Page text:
To say that Anne Marie Downey is an advocate for strategic communications planning would be an understatement. She’s a one-woman marching band! With the glamour of an Oscar presenter (minus the full-skirted ball gown) and with the vocal delivery style of an evangelist, Anne Marie is impossible to resist.
Sharing stories from her 25-year career, Anne Marie provided evidence, repeatedly, of the power of planning in strategic communications…with the occasional cautionary tale to show what can go wrong if a plan is neglected.
“A strategic plan aligns with an organization’s vision, direction and priorities,” says Anne Marie. “It allows us to make tough choices. No, it forces us to make tough choices.”
There were tough choices aplenty when Anne Marie worked as a consultant with a municipal client a few years back. The municipality had zoned residential developments in an area adjacent to an oil refining site. Unbeknownst to the municipal planners and the hapless residents, the ground soil was contaminated. Anne Marie arrived on the scene as the health authorities issued a warning to residents not to plant their gardens in polluted soil, just days before the May long weekend, a traditional green light time for gardeners.
You can imagine the panic that ensued! Luckily for Anne Marie as consultant, the city administration had a strategic communications plan. They knew their role. They knew how to respond.
There was pain, but they executed their plan. It was difficult work. They evacuated neighborhoods. They sold property. There were formal hearings. There was a two-year reclamation and recovery. In a follow-up citizen survey, the city administration was vindicated. “The citizens said that the city did all it could in the circumstances,” said Anne Marie.
“Plan the work, work the plan,” is Anne Marie’s mantra.
As an example of working the plan, Anne Marie recalls her first job in communications many year s ago at the Royal Alexandra Hospital in Edmonton. This was decades ago in the times of premier Klein’s massive government downsizing in wake of a provincial deficit due to catastrophic falling oil prices. The Royal Alec (as it is colloquially called) was in trouble. They were admitting 92,000 patients in a facility that could accommodate only 30,000. Intense patient demand was coming from all across northern Alberta. Forty ambulances a day had to be turned away. Imagine if you were having a heart attack and the hospital turned you out?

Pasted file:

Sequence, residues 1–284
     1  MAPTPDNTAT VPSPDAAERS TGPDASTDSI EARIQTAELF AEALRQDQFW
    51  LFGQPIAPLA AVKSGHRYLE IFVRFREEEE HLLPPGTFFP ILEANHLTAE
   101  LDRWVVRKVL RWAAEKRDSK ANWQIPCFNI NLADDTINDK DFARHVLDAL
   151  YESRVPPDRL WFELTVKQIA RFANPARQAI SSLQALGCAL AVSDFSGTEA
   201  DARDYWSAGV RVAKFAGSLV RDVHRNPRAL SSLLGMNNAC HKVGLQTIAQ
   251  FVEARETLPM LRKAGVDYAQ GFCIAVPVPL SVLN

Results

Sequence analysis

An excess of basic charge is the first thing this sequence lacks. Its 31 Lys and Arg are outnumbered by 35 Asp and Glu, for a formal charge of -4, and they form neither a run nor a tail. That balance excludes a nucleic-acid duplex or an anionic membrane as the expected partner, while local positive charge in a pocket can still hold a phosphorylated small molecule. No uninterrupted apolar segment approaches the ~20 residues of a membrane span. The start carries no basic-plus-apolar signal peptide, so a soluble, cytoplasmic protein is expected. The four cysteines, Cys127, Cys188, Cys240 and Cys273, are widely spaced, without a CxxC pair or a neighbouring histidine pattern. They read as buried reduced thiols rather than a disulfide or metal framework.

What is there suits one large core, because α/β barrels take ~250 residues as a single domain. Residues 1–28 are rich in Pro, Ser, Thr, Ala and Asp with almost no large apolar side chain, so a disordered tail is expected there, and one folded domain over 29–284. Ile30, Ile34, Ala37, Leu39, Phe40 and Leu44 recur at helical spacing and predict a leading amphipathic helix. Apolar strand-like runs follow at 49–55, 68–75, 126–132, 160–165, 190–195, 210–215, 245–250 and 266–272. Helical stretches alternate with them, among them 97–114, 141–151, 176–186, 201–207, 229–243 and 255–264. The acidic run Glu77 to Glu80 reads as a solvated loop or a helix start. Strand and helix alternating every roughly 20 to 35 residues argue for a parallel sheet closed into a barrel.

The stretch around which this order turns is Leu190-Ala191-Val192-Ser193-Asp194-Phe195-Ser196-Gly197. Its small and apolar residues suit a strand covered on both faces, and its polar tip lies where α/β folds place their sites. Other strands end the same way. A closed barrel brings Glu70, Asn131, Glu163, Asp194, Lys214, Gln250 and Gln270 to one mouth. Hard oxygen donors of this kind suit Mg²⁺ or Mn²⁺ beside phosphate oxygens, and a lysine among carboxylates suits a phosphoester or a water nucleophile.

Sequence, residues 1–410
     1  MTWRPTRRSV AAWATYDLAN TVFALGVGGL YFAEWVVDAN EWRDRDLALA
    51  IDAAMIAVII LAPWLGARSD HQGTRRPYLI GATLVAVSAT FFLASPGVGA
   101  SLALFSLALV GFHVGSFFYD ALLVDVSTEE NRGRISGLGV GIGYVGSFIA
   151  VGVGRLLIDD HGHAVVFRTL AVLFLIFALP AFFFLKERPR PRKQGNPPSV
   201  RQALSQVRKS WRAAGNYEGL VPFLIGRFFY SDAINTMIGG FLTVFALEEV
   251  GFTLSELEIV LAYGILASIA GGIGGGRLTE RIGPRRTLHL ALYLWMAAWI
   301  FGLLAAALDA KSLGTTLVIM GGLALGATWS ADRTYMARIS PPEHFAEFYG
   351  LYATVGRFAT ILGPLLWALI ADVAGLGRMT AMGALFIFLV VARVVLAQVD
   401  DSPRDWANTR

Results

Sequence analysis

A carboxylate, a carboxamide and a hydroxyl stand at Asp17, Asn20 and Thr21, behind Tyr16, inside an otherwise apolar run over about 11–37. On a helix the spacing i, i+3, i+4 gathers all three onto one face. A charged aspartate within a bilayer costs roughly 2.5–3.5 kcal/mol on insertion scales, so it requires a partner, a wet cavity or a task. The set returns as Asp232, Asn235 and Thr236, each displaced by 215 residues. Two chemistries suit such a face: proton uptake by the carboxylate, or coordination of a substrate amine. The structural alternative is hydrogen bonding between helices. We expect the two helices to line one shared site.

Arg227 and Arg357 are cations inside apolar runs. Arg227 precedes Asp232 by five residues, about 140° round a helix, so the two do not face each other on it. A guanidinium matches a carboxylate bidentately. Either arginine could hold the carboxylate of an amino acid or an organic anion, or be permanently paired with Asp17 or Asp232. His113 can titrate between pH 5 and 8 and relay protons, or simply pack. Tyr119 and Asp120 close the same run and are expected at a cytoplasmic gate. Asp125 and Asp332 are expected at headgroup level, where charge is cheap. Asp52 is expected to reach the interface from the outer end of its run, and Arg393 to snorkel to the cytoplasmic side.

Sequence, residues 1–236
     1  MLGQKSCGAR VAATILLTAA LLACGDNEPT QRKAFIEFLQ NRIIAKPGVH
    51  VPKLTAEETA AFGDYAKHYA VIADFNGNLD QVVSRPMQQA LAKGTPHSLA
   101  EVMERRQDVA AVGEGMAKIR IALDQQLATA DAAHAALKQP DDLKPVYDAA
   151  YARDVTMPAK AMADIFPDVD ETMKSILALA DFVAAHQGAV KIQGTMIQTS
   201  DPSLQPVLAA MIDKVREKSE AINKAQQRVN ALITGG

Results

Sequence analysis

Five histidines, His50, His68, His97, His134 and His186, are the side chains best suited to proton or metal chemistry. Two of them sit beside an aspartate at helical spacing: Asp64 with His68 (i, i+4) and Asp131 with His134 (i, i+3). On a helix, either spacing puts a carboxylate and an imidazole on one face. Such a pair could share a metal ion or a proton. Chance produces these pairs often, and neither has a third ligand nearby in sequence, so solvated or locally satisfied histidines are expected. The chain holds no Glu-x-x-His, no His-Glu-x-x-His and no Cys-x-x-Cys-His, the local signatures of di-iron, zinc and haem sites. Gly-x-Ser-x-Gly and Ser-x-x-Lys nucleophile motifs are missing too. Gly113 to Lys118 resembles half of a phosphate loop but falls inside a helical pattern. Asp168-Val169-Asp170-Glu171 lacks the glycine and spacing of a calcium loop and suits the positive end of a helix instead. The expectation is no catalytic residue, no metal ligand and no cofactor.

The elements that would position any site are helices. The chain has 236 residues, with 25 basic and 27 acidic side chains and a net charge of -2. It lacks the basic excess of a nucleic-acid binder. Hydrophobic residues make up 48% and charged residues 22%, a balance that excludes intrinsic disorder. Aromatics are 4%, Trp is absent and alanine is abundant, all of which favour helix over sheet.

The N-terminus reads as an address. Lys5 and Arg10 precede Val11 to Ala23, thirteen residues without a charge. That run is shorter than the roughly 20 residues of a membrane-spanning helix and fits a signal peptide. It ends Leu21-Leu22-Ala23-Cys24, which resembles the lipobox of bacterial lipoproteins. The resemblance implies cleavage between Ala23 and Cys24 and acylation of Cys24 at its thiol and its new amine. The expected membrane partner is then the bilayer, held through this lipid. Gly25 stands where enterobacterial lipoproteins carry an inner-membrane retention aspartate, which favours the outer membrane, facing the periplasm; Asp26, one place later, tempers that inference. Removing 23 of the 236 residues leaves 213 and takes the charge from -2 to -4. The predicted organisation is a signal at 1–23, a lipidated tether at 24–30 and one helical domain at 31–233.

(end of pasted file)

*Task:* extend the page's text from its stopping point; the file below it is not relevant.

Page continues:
The Hospital had been working for 10 years to make major changes. In response to the Hospital’s demands for increase d funding, the Klein government proposed a closure.
“We had 10 months until the next provincial budget,” explained Anne Marie. “Do we repeat the same strategy of the prior 10 years? Continue to ask politely for more money and get no for an answer? Or do we tick off the whole damn world?”
Something had to happen. We asked, “What is our planned future and how are we going to get there?”
The planned future did not include hospital closures. But it did include a strategic plan.
What was Anne Marie’s strategic plan? Go public. “Get government ticked with us. Front page headline: Patients stacked like cord wood at Royal Alexandra Hospital.”
We went across the north of the province to every mayor, every town hall and every strip mall,” recalled Anne Marie. “Our message was ‘Your health is at risk unless government pays up.’”
“We had to give the government every reason to say yes (to increased hospital funding),” said Anne Marie.
Of course today, the Royal Alexandra Hospital boasts ungraded rooms and well-appointed facilities. Would that have happened without a strategic communication plan? “Strategic planning requires a picture of the desired future. That was our future plan for the Hospital. We see the results now, decades afterward.”
It takes time to create a strategic communications plan. It takes time to execute the plan. It takes time to see the results. “A strategic plan drives daily decisions,” explains Anne Marie. “What you do in the short-term impacts the long term.”
On another consulting contract, Anne Marie was asked to advise a company that was merging 15 different organizations in a very tight time frame. She called for a meeting of all communications staff (many who would have no jobs at the completion of the merger.) We need a plan. The most senior staff member said we have no time to plan. “Can you imagine merging 15 organizations without a plan?” asked Anne Marie.
Time is one barrier. Another barrier is fear. Fear of accountability. Yet, referring back to the example of the Royal Alexandra Hospital, the fear of closure was greater than the fear of government disapproval. That’s why the senior leaders and the communication advisor (Anne Marie) were able to summon the courage to take a difficult stand against government. “We would never get away with it today,” reflects Anne Marie.
Anne Marie Downey is a colleague of mine in Edmonton, Alberta.